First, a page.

Do you know anyone in the TATE family?
Published 8:41 pm Saturday, February 6, 2016
Meet the TATES. Some of them are in your business. Some have positive attitudes and others have negative attitudes. They are easy to recognize.
• DICK TATE — Dick always wants to run the show. He hasn’t learned anything about teamwork. He doesn’t understand that being a leader is not the same as being a dictator. He never considers others in decision making and wonders why he is not linked by his coworkers.
• RO TATE — Change is the name of the game, no matter if it is needed or not. Even if the team has a good thing going he doesn’t consider sticking with it. He doesn’t consider all the ramifications of impending changes and doesn’t plan ahead for issues that may arise.
• AGI TATE — She is a troublemaker and causes disruptions by always being critical of others and ideas that are not hers. She doesn’t understand the advantages of cooperation. The criticism is always delivered in a hurtful manner. She is selfish and hampers growth in the organization.
• IRRI TATE — She quibbles about everything. If it isn’t her idea or she doesn’t control it, she tries every way to sabotage the idea. Nothing seems to agree with her. She is not supportive of the team’s efforts but also doesn’t offer any constructive ideas for improvement. She needs a lesson in understanding that there is a positive way to offer differing ideas and opinions.
• HESI TATE — This fellow doesn’t want to try anything new. It’s always been done this way before and why change? She is slow to make decisions. There is always a hesitation to find new and more innovative ways to do things.
• VEGI TATE — Vegi is the twin of Hesi. She’s in a state of rigor mortis because she wouldn’t try anything new. She is closed to any new ideas and is unwilling to listen to other viewpoints. She is not willing to seek better ways to do things.
• EMMA TATE — Emma is a copycat. She has no originality and would rather do it like someone else. There is no creative or innovative thinking. Emma needs to learn that what works for one doesn’t always work for another.
• DEVAS TATE — The destroyer! He is critical of management, employees, services, products, customers, operations and anything else that will help destroy the organization. Devas Tate comes to work and sits back, never to be bothered by questions from customers or fellow employees. He feels entitled to have his job and to be paid just for being there.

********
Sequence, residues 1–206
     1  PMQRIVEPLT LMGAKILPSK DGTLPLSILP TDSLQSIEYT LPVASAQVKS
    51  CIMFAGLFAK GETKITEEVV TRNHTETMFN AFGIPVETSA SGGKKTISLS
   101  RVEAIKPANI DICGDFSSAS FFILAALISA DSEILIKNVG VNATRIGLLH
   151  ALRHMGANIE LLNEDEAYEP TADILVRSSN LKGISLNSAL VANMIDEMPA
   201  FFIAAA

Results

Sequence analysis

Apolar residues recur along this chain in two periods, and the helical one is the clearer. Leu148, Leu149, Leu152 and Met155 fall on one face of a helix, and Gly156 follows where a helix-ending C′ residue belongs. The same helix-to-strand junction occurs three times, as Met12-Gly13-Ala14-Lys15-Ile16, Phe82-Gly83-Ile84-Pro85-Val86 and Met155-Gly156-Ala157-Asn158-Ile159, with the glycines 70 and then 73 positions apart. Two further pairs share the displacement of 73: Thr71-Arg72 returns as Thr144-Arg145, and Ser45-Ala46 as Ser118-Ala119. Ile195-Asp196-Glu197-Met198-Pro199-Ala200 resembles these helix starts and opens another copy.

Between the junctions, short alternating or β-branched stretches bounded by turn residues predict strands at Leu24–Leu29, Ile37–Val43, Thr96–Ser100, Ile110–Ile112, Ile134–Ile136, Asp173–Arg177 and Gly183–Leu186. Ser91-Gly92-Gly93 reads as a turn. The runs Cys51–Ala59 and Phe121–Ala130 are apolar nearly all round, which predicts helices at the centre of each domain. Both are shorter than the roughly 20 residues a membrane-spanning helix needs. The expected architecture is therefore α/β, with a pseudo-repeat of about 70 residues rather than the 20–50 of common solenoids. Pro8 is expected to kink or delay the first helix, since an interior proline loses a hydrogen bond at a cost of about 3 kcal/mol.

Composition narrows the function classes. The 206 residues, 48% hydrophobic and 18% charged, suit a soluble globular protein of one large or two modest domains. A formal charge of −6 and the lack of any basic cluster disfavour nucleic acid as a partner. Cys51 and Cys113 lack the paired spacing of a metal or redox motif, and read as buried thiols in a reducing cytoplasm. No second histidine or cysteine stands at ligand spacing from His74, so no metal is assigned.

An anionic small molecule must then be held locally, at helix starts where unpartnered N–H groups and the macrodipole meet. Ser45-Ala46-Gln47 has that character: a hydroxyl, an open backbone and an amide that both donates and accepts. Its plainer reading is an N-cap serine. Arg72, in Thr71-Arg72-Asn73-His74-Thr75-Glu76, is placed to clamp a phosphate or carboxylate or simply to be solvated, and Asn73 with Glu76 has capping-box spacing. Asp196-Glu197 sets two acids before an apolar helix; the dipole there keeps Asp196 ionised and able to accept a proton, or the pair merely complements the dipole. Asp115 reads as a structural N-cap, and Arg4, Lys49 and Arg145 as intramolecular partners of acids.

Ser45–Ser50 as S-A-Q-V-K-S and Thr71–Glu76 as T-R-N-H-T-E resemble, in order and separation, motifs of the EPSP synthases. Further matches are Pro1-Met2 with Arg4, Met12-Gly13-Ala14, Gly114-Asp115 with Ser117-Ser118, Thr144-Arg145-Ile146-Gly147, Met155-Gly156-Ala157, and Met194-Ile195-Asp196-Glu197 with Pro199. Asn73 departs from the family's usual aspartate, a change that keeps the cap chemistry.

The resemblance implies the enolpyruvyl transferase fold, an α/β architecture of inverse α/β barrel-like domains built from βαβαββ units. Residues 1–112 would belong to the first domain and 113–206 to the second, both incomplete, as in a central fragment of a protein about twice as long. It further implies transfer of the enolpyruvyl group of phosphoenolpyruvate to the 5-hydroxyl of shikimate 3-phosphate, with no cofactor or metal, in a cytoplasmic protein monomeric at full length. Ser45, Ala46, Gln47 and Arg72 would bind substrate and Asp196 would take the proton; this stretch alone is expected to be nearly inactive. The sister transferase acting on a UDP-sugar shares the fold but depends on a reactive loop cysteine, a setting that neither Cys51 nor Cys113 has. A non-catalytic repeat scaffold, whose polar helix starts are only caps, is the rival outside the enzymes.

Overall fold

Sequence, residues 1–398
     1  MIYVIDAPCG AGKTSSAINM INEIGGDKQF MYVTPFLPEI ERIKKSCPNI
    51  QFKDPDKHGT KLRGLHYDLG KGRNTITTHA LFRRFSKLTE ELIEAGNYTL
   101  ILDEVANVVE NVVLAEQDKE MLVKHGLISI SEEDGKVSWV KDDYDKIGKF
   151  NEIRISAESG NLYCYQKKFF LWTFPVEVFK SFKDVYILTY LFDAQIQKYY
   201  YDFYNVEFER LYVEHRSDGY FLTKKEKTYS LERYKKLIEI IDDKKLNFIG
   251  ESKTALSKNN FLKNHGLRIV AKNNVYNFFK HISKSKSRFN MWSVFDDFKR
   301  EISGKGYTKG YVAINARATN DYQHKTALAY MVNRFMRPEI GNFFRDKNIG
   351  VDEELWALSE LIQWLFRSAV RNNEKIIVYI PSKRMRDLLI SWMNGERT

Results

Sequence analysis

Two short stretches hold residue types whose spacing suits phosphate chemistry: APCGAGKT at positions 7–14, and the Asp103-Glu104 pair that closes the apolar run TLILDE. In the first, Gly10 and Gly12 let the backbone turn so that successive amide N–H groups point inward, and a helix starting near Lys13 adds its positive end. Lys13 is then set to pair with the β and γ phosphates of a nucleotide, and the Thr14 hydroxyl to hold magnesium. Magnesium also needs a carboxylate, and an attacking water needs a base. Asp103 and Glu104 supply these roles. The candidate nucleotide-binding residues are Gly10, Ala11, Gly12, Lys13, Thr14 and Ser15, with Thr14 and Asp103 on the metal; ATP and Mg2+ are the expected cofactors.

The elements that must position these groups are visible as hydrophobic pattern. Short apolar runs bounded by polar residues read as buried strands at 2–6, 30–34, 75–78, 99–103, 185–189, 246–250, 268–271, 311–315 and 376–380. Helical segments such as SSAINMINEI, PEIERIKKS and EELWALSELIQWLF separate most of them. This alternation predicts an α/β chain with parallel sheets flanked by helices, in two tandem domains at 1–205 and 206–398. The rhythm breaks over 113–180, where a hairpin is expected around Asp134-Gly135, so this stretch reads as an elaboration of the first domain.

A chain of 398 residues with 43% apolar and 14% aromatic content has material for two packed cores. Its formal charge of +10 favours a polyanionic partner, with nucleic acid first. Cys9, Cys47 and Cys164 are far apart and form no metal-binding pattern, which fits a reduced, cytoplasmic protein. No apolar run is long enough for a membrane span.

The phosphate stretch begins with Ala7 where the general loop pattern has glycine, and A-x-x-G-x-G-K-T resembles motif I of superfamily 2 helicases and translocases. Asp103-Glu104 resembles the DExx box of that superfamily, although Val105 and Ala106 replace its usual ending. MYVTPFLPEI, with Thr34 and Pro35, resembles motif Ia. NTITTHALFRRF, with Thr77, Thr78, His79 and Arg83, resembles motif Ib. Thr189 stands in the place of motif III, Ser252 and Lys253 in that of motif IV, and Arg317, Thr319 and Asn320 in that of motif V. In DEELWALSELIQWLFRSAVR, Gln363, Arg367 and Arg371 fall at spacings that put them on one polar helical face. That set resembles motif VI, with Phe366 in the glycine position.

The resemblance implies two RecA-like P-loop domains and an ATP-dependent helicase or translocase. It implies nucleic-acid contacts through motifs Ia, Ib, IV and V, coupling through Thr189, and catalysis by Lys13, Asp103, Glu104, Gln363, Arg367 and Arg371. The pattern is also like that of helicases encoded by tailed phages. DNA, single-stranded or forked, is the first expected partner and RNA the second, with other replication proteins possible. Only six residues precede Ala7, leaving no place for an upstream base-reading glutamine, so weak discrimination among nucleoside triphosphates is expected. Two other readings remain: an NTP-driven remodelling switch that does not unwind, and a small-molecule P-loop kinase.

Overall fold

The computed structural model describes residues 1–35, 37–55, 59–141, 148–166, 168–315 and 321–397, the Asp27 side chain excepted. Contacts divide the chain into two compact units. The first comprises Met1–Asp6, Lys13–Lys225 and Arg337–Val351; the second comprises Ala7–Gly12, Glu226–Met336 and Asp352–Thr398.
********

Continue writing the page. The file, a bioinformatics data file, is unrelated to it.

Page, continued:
• FACILI TATE — He makes things easier in the organization by being participative and cooperative. He seeks to build relationships in the team by consensus. He enhances growth of team members with a supportive and positive attitude. He is willing to try new ideas and speaks well of his coworkers and the company.
• COGI TATE — He’s the thinker, the planner. He promotes the good attributes of the group and emphasizes the positive qualities. He actively looks for new and better ways to do things and makes changes for improvements. He is always looking for new marketing techniques and seeks opportunities for better service. He is open to learning from others and takes advantage of all training opportunities. He understands the importance of planning and development.
• MEDI TATE — Medi wants what is best for the entire team as well as understanding what is the best for each individual team member. She has an understanding of the resources available and how to use them to fulfill needs. She thinks things through and doesn’t “shoot from the hip.” She believes effective learning and thoughtful planning is the basis for action oriented results that makes the team more effective.
That’s the TATE family. Recognize anyone? Do you see yourself in any of the brothers and sisters? Do you see relations to any of your employees? Oftentimes, people do not recognize their traits and how they affect the overall performance of the company. No one sees himself or herself as others do. As an employer, it is your job to identify the positive and negative traits in your staff and work toward enhancing the positive and correcting the negative. An employee who wants to succeed will accept constructive criticism and not only recognize needed changes but also work toward making a turnaround. When this happens the employee and the business will experience success and fulfillment.
Becky Vaughn-Furlow retired from Trustmark Bank as executive vice-president and human resources director. She can be contacted by emailing firstname.lastname@example.org.